Research in Clinical Dermatology

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Perspective - Research in Clinical Dermatology (2022) Volume 5, Issue 3

Effect of estrogen and progesterone on skin tags.

Emilia Johnson*

Department of Dermatology, University of Alabama, Tuscaloosa, AL 35487, USA

*Corresponding Author:
Emilia Johnson
Department of Dermatology
University of Alabama, Tuscaloosa, AL 35487, USA
E-mail: [email protected]

Received: 21-April-2022, Manuscript No. AARCD-22-64276; Editor assigned: 23-April-2022; PreQC NO.AARCD-22-64276(PQ); Reviewed: 07-May-2022, QC No.AARCD-22-64276; Revised: 14-May-2022, Manuscript No.AARCD-22-64276(R); Published: 21-May-2022, DOI: 10.35841/aarcd-5.3.114

Citation: Johnson E. Effect of estrogen and progesterone on skin tags. Res Clin Dermatol. 2022;5(3):114

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Abstract

Skin tags (ST) are the most common fibroepithelial skin tumors. It is a middle-aged tumor. However, for women, 50 are considered a turning point in life and the development of skin tags will stop. An important event that occurs around this period of life is menopause / menopause. After menopause, estrogen receptor levels are significantly reduced. Estrogen receptors (ERs) and androgen receptors (ARs) are members of the steroid receptor gene superfamily. Estrogen receptor positivity has been demonstrated in most skin tumors by both histochemical and biochemical assays.

Keywords

Estrogen, Tumor, Skin, Menopause, Receptor, Steroid.

Introduction

This study aimed to assess the role of estrogen and androgen receptors in the development of skin markers by assessing their immunohistochemical expression. Twenty-five patients were included in this study. Incisional resection of the skin tag was performed in each patient, and a core biopsy of the area adjacent to the skin tag was obtained as a peri-lesion skin biopsy in only 12 patients. Histopathology was performed to confirm the diagnosis. Immunohistochemical staining was performed to detect ER and AR in the skin appendages, perilesion skin and control normal skin [1].

Immunohistochemical staining of ER was positive in 64% of skin tag cases and AR was positive in 60% of them. There were statistically significant differences in ER and AR staining patterns between the cutaneous appendages, perilesion skin, and normal skin. It can be concluded that ST is positively correlated with immunohistochemical ER and AR staining, which may suggest their role in the pathogenesis of the cutaneous appendages [2].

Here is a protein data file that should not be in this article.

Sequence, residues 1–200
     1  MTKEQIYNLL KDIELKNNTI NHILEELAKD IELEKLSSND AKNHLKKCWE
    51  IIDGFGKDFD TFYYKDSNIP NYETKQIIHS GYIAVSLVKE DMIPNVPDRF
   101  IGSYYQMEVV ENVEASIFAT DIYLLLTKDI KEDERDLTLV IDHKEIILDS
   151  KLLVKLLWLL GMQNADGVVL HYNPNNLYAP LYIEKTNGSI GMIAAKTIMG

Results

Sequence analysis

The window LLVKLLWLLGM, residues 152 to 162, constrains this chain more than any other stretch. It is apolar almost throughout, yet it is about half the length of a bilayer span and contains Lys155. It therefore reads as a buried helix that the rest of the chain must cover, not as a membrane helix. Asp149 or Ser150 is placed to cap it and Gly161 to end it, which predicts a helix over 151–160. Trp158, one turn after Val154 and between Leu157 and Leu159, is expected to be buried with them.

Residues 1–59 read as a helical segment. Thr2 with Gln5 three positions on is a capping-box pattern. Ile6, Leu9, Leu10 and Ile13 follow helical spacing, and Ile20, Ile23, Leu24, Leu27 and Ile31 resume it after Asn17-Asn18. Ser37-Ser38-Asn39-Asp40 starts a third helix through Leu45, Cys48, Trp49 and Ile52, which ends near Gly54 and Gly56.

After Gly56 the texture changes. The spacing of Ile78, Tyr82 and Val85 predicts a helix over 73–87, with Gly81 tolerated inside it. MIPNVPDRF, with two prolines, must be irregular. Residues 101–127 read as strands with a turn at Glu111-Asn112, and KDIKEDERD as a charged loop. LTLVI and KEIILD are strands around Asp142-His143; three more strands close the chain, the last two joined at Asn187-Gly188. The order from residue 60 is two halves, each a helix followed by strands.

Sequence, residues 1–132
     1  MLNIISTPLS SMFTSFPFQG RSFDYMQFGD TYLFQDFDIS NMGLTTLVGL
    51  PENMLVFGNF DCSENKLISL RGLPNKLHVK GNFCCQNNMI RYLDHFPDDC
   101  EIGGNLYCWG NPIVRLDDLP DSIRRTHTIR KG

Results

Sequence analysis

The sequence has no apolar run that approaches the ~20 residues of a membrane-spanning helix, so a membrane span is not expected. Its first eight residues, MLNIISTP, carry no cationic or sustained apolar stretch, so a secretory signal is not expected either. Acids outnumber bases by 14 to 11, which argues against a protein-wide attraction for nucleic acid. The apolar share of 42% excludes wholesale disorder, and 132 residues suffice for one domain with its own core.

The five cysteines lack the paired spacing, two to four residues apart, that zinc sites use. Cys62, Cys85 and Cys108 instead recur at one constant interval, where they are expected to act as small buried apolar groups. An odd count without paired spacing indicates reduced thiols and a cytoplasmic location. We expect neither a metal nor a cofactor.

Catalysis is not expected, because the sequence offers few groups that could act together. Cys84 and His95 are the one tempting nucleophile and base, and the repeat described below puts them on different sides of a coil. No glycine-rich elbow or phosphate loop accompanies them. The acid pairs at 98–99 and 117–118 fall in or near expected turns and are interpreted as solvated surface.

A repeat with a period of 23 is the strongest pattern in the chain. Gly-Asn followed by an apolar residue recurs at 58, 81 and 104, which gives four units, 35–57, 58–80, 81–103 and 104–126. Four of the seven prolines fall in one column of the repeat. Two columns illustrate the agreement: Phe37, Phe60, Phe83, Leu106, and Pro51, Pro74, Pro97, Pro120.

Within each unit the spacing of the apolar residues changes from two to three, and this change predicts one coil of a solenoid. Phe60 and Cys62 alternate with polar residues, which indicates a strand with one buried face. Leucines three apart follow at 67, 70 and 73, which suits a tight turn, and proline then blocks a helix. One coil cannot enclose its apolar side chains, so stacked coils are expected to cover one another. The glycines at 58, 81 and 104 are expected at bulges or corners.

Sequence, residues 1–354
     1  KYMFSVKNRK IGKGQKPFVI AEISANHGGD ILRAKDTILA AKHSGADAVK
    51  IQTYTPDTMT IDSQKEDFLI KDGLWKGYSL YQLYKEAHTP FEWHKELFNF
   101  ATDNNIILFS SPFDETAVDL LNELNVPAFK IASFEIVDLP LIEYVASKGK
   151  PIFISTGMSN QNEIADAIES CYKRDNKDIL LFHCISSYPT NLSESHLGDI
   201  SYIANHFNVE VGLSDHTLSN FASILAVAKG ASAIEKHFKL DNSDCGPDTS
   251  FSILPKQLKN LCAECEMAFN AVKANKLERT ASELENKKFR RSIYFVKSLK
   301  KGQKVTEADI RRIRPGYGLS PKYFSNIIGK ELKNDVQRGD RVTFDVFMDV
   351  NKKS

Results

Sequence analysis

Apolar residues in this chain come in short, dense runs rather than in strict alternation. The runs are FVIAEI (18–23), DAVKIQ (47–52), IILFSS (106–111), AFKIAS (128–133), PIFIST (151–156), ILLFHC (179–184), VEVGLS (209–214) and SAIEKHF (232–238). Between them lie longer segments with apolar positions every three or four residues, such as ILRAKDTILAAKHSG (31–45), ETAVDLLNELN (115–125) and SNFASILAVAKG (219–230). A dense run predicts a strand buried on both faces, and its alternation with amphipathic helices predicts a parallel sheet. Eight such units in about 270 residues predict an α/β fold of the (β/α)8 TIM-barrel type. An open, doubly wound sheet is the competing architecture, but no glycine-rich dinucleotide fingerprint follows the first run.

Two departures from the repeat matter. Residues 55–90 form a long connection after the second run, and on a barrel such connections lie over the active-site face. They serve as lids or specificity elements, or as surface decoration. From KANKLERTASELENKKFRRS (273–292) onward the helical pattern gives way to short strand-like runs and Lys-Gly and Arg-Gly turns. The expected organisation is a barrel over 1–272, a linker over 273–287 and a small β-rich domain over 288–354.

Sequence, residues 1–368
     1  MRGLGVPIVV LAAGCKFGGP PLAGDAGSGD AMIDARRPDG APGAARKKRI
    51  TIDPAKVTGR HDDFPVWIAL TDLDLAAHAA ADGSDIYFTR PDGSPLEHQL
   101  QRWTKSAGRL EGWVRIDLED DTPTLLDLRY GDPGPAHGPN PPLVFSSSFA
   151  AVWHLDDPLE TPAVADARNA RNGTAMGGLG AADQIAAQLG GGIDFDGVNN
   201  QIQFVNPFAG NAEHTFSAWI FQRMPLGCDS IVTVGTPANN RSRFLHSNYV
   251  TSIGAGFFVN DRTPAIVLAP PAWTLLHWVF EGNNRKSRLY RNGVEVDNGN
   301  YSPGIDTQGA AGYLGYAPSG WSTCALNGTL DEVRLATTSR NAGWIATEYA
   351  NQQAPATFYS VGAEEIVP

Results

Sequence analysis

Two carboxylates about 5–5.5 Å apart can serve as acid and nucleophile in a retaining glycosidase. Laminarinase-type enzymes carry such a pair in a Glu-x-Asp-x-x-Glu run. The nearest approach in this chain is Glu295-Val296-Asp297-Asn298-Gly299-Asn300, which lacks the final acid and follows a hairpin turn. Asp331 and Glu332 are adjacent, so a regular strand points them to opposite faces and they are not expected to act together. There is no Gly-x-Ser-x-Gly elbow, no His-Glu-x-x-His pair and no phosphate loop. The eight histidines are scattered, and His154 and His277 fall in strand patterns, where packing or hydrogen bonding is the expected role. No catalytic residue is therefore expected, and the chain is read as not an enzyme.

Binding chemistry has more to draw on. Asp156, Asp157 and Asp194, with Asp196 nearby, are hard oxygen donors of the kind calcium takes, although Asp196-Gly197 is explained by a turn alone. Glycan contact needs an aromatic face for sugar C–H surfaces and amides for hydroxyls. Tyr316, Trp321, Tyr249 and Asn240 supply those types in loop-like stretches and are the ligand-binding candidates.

Skin tags, also known as "acrocordon", are commonly visible skin growth, manifested as soft growth of lumpy skin, and are usually benign. It is estimated that nearly 50-60% of adults develop at least one of these harmless growths throughout their lives, increasing their likelihood of developing 40 years after birth. However, it should be noted that acrocordon is more common initially in individuals suffering from obesity, diabetes, metabolic syndrome (MeTS), and individuals with a family history of skin tags. Skin tags affect men and women equally [3].

Acrocordon may appear in adolescence, but is most common in later years. However, many studies report an increased incidence of skin tags in children and adolescents. The latter appears to be consistent with the worldwide increase in the prevalence of obesity between children and adolescents. On the other hand, skin spots are rare after 70 years of age. These lesions tend to grow in areas of the skin where folds are present, such as the armpits, neck, eyelids, and groin. Lesions are skin colour, brown, and even red oval growth, often with stems, attached to fleshy stems. Skin tags are small, 1-5 mm, but rarely grow to 1-2 cm. Acrocordon is not painful or soft, but it can still be annoying. People often complain that skin tags get caught in clothing and jewellery such as necklaces. Continuous rubbing between clothing and skin tags can cause bleeding and itching [4].

Certain hereditary disorders can predispose to skin tags. Patients with BirtHoggDube (BHD) syndrome and tuberous sclerosis. In addition to other skin and systemic features, a large number of acrocordons are found, often forming a "necklace" -like composition around the neck called the "pendant necklace sign of infectious edema." The exact reason for skin labels is obscure. Skin labels become more normal with age and happen all the more often in individuals with a family background of skin labels. Individuals with metabolic issues like stoutness and diabetes are additionally bound to foster skin tag. Chemical rises, for example, those seen during pregnancy, may cause an expansion in the development of skin labels, as skin labels are more continuous in pregnant ladies. Labels are basically innocuous and don't need to be dealt with except if they are irksome. Skin labels that are vexatious might be effortlessly eliminated during or after pregnancy, regularly by a dermatologist [5].

References

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